Updated 10:55 a.m. with clarification from Microsoft that Hyper-V standalone is not scheduled to ship until sometime in the second half of 2008, contrary to what Muglia stated.
Microsoft is getting ready for what it calls its biggest IT launch in history.
I’m not sure everyone will agree with that notion, but the launch of Windows Server 2008 and the next version of Visual Studio is clearly an important one for Microsoft, given that the server and tools unit has been one of Microsoft‘s fastest-growing businesses in terms of sales and profits. (Microsoft is also “launching” SQL Server 2008 at the event, but the product itself won’t actually be ready until the second half of this year.)
Ahead of Wednesday’s launch, I had a chance to talk with Server and Tools boss Bob Muglia. Here are some of the highlights from our interview.
What are the Vista ties for Windows Server 2008?
Muglia: One of the most important Windows Vista ties is we are building the products off the same code base and we simultaneously shipped (Windows) Vista SP1 with (Windows) Server 2008. The real benefit of this for customers is that it makes it simpler for us to maintain and drive the systems forward as we learn about security issues.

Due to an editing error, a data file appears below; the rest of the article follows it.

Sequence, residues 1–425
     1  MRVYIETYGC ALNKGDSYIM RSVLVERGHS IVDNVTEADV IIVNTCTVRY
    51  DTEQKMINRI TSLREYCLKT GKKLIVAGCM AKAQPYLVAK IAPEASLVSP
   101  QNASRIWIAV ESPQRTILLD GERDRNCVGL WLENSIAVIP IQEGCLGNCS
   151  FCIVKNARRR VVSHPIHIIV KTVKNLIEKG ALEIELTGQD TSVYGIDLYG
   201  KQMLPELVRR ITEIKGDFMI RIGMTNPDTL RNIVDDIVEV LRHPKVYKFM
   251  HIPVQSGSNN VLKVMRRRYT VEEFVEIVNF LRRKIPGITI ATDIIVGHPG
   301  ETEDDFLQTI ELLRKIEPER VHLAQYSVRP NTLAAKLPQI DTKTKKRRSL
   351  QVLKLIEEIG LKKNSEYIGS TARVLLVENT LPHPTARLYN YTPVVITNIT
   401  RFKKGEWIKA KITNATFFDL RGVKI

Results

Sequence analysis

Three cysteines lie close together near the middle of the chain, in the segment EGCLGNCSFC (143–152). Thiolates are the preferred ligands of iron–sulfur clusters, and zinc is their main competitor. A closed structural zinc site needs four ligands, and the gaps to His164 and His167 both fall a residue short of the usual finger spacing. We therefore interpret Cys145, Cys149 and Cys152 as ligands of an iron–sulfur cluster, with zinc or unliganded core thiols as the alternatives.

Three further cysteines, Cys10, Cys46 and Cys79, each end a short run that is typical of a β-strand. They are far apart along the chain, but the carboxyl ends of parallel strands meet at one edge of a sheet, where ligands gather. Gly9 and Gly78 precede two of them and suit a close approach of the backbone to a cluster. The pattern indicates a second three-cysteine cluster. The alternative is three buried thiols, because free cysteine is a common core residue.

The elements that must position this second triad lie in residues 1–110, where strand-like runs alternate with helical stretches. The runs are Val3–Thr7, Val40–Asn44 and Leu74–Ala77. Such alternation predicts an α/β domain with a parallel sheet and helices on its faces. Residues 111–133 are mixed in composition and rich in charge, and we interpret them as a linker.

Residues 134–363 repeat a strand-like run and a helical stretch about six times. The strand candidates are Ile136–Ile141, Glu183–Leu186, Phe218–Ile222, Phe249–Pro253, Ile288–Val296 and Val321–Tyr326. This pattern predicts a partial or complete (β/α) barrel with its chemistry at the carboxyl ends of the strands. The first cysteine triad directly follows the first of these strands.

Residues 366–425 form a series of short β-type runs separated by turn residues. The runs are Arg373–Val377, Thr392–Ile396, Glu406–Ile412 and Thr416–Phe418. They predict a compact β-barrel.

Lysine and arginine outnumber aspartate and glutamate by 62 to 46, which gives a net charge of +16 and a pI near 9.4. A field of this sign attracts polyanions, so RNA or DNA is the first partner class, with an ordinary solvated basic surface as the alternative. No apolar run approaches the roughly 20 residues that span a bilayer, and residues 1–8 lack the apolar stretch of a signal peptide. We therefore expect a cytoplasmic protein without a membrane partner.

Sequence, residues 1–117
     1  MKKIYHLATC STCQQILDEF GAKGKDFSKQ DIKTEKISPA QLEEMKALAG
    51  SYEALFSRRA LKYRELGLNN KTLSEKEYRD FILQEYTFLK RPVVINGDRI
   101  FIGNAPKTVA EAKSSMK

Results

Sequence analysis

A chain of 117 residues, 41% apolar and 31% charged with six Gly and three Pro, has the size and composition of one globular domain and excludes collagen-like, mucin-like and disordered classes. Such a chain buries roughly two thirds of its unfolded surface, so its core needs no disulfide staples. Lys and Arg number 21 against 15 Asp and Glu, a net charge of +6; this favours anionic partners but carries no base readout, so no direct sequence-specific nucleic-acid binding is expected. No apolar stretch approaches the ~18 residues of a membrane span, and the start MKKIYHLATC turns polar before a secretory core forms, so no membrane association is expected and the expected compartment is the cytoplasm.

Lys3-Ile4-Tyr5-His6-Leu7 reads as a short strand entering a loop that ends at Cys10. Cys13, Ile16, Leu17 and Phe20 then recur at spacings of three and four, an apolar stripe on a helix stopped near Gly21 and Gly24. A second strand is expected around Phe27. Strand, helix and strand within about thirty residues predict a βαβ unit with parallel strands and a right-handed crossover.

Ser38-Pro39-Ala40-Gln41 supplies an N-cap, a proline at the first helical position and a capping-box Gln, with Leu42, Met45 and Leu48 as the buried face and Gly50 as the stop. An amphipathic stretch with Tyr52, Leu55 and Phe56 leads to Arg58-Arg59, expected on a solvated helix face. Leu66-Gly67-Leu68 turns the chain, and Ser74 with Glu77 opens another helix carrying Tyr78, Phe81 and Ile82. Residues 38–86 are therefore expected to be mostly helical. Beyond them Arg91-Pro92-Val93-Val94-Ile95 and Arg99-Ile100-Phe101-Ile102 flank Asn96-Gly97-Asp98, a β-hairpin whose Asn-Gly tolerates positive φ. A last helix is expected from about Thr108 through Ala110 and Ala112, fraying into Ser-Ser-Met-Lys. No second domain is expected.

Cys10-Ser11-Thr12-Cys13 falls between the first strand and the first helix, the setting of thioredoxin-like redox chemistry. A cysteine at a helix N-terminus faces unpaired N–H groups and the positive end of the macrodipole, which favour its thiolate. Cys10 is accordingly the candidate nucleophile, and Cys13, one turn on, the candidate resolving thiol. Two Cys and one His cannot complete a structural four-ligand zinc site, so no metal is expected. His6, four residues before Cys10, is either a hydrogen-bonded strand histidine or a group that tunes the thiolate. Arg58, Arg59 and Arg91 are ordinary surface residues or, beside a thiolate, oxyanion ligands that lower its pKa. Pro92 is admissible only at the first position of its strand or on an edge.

There is an enormous amount of work that went into improving the security across the board that applies to both the client and the server. And then there are some very specific things on the server we have done. All of the ports are closed by default and we only open them up as the roles are installed on a machine.
Are there also some ties in terms of the network access protection feature?
Muglia: We worked across the client and server teams to build network access protection so that when clients are out in the wild and they rejoin the corporate network, they have to run a health check to make sure they fully meet the company policies and they have the latest set of patches and antimalware signatures before they join the network.
Is there a “live” component to Windows Server?
Muglia: The biggest “live” component is the fact that Windows Live runs on Windows Server. Microsoft.com is running entirely on Windows Server 2008 right now. A good part of the Windows Live servers are running Windows Server 2008. We don’t have any direct connection to Windows Live because Windows Live is really targeted to consumers.
Microsoft, Windows Server 2008, WS2008, Win2K8, Windows Vista, Release